bet she had some cracking wine out there - I love a good Ribera
  8. &roid

    Milk-fed lamb

    Once the meat is done I rest everything for at least an hour basting with the cooking liquid every so often. As it cools the rendered fat starts to solidify so you build up a layer of it on the skin of the meat. As a final step you crank the oven up really high (230-250°C), and roast for a final 20 minutes or so to crisp everything up. This is such a forgiving recipe - super simple and as long as you have a few hours it’s pretty much foolproof. The resting gap needs to be at least an hour, but I’ve done as much as four with no problems. This makes it a great method if you’re entertaining - really can’t go wrong. Once crisped, the meat was absolutely gorgeous. Soft and juicy it pulled away from the bone with no effort at all. The flavour is delicate and creamy, a little like suckling pig and… OMG, that skin! I did a side of herby beans topped with breadcrumbs and some grated Comte, they were nice but this was all about the meat! Young lamb is not something we see every day over here but if you come across any I’d definitely recommend giving it a go.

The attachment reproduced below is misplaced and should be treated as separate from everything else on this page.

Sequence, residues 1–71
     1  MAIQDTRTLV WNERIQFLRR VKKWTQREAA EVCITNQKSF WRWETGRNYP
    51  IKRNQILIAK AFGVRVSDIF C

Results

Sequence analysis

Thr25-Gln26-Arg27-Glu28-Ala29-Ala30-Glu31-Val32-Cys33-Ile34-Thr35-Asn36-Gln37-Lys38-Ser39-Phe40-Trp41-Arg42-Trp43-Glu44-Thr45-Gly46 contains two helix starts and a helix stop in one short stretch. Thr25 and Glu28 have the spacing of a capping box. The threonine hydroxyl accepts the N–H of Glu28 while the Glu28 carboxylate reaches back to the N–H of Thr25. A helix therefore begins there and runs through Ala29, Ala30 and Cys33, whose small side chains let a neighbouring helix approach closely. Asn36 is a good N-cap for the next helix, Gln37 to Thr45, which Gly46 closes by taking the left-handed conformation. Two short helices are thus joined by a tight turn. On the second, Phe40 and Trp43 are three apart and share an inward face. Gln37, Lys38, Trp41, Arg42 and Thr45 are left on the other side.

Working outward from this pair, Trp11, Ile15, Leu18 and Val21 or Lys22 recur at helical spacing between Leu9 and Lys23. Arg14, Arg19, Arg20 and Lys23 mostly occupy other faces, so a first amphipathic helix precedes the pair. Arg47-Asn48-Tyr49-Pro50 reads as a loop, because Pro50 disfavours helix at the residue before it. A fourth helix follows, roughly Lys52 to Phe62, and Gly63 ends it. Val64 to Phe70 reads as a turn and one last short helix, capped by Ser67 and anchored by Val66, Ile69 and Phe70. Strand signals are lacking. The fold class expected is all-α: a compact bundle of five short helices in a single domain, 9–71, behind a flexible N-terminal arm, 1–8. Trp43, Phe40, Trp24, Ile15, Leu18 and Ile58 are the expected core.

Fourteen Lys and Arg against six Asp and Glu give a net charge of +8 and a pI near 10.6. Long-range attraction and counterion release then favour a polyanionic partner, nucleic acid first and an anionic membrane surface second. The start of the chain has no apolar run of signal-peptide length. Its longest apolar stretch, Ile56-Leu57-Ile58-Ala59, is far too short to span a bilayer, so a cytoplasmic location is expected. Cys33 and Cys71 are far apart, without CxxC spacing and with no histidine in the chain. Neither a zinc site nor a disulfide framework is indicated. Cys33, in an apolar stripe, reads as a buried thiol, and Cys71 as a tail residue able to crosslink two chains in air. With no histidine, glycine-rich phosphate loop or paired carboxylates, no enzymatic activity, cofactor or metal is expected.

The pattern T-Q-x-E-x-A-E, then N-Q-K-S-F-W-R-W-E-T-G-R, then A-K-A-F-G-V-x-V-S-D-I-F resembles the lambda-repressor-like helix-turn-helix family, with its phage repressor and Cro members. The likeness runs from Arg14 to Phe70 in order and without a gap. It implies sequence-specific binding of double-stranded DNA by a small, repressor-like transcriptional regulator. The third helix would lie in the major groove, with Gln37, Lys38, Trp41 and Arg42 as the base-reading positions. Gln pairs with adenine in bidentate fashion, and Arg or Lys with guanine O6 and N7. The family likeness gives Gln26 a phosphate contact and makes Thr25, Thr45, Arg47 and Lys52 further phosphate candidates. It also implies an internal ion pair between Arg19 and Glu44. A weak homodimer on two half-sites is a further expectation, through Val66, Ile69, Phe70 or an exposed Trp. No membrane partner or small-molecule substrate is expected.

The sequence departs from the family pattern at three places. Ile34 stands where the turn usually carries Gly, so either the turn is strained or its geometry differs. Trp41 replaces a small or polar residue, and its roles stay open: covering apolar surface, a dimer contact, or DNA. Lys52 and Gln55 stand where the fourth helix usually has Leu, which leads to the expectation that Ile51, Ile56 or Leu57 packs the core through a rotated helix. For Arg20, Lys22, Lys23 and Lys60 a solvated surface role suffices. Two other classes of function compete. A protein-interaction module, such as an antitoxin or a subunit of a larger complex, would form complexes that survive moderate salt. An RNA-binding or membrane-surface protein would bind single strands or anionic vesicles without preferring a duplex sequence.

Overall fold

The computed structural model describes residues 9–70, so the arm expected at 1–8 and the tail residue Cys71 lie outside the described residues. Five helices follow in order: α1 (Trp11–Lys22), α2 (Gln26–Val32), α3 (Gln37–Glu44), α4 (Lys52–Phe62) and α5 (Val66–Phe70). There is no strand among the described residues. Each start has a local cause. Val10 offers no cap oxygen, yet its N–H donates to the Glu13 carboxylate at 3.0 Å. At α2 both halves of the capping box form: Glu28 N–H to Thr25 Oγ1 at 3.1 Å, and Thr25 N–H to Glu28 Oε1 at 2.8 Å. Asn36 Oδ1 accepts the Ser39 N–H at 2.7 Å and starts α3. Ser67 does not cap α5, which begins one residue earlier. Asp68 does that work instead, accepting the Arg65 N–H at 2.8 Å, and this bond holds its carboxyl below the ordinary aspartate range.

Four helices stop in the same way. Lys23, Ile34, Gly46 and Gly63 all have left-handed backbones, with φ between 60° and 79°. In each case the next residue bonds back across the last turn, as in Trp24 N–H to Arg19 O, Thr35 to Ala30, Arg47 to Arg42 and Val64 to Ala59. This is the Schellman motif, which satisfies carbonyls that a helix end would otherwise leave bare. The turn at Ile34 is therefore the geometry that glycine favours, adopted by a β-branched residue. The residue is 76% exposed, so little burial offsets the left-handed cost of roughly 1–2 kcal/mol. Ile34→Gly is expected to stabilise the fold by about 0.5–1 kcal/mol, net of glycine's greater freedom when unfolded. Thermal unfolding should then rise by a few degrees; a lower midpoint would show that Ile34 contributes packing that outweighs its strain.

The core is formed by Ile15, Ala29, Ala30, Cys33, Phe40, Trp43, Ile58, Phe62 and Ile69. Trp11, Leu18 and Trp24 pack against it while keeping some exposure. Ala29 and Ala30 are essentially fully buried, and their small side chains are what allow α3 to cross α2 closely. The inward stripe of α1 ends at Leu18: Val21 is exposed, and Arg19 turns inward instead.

9. &roid

    Milk-fed lamb